Publication: “Integrated Energy Planning with a High Share of Variable Renewable Energy Sources for a Caribbean Island”, D. Dominkovic, G. Stark, B. Hodge, and A, Pederson, Energies 2018, 11(9), 2193, https://www.mdpi.com/1996-1073/11/9/2193
Center Denmark Finally, NREL points out the support for the establishment and design of Center Denmark, the new Danish national digitalization hub for data-intelligent and integrated energy systems.
NREL mentioned Center Denmark has been heavily influenced by the research at NREL and their research facility; Energy Systems Integration Facility (ESIF). See above.
Monday the 9th of November is CITIES final conference at DTU, Lyngby. The conference will be physical with streaming functionality in Zoom, so the IAB members and others can join online.
Tuesday the 10th of November will be an International Day – a partner conference with CITIES, the DiCyPs project (AAU), and the FED. All three projects will be represented. The day has been changed from DTU to EWII, Kokbjerg 30, 6000 Kolding, Denmark. The meeting will be physical with streaming functionality in Zoom.
We reserve the right to act upon COVID-19 participation restrictions.
If you want to show up physical at DTU or EWII and need to book tickets and/or hotel please note that the meeting could be changed to a virtual meeting at short notice. We recommend that attendees from abroad stay home and join us virtually.
Center Denmark, which is a national meeting point for green research, has moved to new premises and has new cohabitants. Not long ago, the center’s employees moved together with the cluster organization Energy Cluster Denmark, and now both SDU and DTU join the green research community, which is physically located in Port House in Fredericia.
When the Danish politicians this fall negotiate green tax reform, they should look at #tariffs. Nothing is stronger than a well-designed price signal when you want to promote flexible energy consumption, writes Henrik Madsen in this opinion in Teknologiens Mediehus GridTech.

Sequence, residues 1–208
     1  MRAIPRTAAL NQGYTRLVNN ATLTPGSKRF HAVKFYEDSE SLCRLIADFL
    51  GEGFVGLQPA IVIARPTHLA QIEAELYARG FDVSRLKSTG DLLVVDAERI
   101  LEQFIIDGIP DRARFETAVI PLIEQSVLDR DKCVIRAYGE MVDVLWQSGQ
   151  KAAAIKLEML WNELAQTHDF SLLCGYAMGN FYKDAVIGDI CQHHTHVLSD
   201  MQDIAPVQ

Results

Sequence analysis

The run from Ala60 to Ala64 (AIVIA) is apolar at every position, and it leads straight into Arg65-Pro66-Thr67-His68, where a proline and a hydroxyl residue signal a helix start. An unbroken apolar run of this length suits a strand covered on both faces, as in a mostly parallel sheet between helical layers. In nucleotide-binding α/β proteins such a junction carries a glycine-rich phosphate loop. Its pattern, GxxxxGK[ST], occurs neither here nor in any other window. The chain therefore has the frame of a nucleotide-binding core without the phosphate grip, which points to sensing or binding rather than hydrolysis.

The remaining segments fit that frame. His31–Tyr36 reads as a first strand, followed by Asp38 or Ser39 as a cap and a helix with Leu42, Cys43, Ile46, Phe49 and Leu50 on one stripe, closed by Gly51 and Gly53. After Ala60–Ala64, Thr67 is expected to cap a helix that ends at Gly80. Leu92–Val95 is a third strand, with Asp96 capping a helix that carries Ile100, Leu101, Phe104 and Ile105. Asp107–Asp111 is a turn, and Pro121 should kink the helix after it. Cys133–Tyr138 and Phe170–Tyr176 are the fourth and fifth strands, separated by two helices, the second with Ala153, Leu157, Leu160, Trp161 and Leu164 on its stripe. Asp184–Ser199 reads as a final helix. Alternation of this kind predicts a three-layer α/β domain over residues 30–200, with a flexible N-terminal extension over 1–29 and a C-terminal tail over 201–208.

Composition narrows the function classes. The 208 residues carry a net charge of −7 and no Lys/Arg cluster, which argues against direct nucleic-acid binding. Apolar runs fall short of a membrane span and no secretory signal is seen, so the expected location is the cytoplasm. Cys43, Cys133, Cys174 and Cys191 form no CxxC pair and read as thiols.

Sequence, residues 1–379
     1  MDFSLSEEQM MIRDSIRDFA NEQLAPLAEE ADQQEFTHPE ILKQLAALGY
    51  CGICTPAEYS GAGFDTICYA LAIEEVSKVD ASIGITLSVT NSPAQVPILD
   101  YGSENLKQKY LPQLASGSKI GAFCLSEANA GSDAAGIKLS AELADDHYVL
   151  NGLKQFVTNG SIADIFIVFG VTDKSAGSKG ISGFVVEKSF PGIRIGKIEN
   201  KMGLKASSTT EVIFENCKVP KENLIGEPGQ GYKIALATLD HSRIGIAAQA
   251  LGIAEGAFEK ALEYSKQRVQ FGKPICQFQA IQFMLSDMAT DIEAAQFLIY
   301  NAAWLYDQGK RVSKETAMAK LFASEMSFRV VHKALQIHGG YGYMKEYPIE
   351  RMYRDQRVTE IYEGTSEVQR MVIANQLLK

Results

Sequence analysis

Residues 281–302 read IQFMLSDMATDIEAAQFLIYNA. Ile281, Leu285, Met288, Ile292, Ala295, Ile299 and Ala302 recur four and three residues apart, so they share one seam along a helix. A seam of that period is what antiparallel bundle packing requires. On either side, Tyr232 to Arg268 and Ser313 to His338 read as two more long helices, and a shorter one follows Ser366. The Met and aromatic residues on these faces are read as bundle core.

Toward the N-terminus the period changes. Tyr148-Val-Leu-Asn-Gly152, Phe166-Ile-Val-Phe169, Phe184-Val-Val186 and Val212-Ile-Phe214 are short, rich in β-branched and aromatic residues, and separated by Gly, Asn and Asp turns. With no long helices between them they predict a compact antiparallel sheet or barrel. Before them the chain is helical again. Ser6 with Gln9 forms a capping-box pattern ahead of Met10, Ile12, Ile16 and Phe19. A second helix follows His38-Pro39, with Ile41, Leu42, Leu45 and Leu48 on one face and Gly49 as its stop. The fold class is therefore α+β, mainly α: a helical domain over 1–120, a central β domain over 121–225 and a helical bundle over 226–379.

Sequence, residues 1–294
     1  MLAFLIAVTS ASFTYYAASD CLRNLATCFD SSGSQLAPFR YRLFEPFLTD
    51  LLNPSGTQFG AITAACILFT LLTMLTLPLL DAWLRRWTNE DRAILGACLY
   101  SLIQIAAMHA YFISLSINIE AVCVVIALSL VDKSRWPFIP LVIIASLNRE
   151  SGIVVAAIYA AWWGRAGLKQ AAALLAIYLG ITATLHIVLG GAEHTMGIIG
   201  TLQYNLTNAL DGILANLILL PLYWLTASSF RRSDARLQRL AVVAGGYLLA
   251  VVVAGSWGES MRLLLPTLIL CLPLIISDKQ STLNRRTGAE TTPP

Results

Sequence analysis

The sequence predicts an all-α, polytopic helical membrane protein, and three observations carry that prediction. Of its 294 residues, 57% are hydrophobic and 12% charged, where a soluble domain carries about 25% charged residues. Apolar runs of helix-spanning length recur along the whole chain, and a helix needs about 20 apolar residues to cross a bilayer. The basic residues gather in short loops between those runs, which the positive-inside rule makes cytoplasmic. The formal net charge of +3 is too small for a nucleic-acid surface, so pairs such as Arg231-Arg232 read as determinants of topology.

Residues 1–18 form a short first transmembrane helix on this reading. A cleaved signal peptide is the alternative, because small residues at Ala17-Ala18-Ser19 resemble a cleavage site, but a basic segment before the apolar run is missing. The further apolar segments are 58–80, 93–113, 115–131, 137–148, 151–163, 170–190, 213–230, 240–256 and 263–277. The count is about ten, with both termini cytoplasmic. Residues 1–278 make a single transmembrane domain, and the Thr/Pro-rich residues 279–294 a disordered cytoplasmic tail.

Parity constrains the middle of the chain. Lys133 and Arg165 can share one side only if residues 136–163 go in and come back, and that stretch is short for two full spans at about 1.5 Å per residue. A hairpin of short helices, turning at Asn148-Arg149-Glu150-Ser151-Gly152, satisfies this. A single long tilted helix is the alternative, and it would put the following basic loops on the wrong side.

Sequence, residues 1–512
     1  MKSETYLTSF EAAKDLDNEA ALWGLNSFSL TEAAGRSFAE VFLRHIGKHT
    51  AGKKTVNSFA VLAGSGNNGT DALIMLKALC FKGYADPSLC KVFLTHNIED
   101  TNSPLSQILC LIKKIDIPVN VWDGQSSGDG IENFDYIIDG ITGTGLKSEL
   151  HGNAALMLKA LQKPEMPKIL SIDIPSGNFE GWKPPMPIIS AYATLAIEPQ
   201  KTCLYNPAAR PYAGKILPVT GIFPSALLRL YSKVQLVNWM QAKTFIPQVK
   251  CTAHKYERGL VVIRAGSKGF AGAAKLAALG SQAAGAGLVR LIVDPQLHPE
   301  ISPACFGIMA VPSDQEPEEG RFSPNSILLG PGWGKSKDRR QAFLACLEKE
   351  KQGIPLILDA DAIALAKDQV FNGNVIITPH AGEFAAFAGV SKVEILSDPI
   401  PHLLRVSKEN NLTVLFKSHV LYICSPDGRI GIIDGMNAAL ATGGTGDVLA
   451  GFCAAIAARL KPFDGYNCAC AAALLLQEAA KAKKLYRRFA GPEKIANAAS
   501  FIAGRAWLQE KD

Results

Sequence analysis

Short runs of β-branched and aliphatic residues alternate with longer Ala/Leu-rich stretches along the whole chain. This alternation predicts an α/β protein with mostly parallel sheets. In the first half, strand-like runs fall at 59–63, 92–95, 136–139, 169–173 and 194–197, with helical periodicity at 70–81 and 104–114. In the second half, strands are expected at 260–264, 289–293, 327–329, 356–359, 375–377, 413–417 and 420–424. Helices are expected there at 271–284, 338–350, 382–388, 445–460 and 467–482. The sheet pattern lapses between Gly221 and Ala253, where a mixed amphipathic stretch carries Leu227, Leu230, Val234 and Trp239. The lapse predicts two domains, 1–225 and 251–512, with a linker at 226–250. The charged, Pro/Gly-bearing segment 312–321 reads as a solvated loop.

Today, tariffs make up a large part of the Danish consumers’ electricity bills. The pure electricity price is approx. 15%, tariffs approx. 20% and the rest are energy taxes. If politicians want consumers to change electricity consumption, it is also necessary to look at tariffs when negotiating green tax reform so that they set up a sensible incentive structure that encourages people to change behaviour.
Denmark should have a system where the price is high when there are capacity problems, large grid losses and so on. And low when there are no problems in the network.
Although CITIES ends by the end of 2020 after seven years of research, CITIES’ research, findings and thoughts continue through other projects based on research in CITIES or inspired by CITIES. This applies the following projects.
Center Denmark – digital hub for smart energy systems
CITIES’ work with cloud platforms has been a kind of preparatory work for the establishment of Center Denmark in 2018, a new digital hub for smart energy systems.
Center Denmark will develop the best-in-class nationwide data platform for energy related data, that combined with forefront artificial intelligence identifies flexibilities on the demand side across the energy systems. Development of decision tools with real-time capabilities will enable their partners to develop and test new innovative business models and commercial services targeting smart grid features for industrial sector and private households.
The hub will – as an incubator environment – connect several Danish living labs in a data lake for scaling and establish new scalable micro-grid test and demonstration facilities.
The data lake contains a variety of energy-related data that are mainly collected from the living labs in the project, but also from other sources such as BBR (The Danish Buildings and Homes Register) and DMI (Danish Meteorological Institute).